ISIS rape survivor: He’s my son, not theirs

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(CNN) Umm Al’aa has made a vow: She will never tell her son who his father is.

Instead, Mohammed will grow up surrounded by the love of his mother and half-brothers and sisters.

He will never be told that his mother became pregnant with him when she was raped by an ISIS militant while being held captive by the terrorist group.

“He’s my son, he’s not the son of ISIS,” she insists adding that he is just as much a part of the family as her other sons and daughters.

Umm Al’aa is a pseudonym; CNN is not identifying her to protect the family. Now 40 years old, she was already a mother and grandmother when ISIS took control of her hometown in 2014.

She says that while her neighbors supported the fighters, she and her family refused to pledge allegiance to the group, making them a target.

ISIS fighters regularly came to their home to threaten them into submission. On one occasion, they attacked her daughter.

“They came and beat [her],” she says. “They tore off her headscarf, they ripped her clothes.

“They said: ‘Let’s rape her.’ But one of them, the top guy, the big one, he did not allow them to. He said: ‘We want the mother.'”

A few days later, they cornered Umm Al’aa at the market.

“They told me to get in the car, and when I got in I thought they would slaughter me,” she recalls.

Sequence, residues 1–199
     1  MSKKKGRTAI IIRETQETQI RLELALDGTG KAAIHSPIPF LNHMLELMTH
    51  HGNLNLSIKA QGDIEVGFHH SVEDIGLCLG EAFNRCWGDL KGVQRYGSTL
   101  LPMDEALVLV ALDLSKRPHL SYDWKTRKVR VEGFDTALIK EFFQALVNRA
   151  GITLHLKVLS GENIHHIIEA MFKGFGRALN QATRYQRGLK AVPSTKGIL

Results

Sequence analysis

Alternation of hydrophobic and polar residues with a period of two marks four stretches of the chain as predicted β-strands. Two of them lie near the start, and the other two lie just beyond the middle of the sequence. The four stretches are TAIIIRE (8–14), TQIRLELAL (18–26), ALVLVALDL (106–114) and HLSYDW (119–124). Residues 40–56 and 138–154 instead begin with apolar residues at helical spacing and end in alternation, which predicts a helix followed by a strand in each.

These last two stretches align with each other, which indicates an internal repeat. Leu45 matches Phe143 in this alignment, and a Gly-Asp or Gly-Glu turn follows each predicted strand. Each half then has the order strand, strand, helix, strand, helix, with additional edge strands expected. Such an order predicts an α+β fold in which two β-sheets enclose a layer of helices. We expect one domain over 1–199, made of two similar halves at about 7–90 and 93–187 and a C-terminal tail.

But they had other plans.

Surviving captivity

“You will be our slave,” she was told.

For a year and a half, she lived as a prisoner, “like a dead person, but they had not killed me yet.”

Towards the end of her time in captivity, one of the militants beat and raped her.

“I tried to fight, I cried a lot,” she told CNN. “There was a lot of pain, I was beaten a lot, but I couldn’t do anything.”

By the time she was released she was pregnant with a son.

Determined to move on, and to forget the horrors she had experienced, she named the baby Mohammed, after her husband.

But the reunited family’s happiness was short lived: Her husband was killed Tuesday amid battles on Mosul’s eastern outskirts, where Iraqi and coalition forces are battling ISIS fighters.

“He loved me a lot. My best memory of him was how much he loved and respected me,” she said. “Yes we are poor people, but we were happy.”

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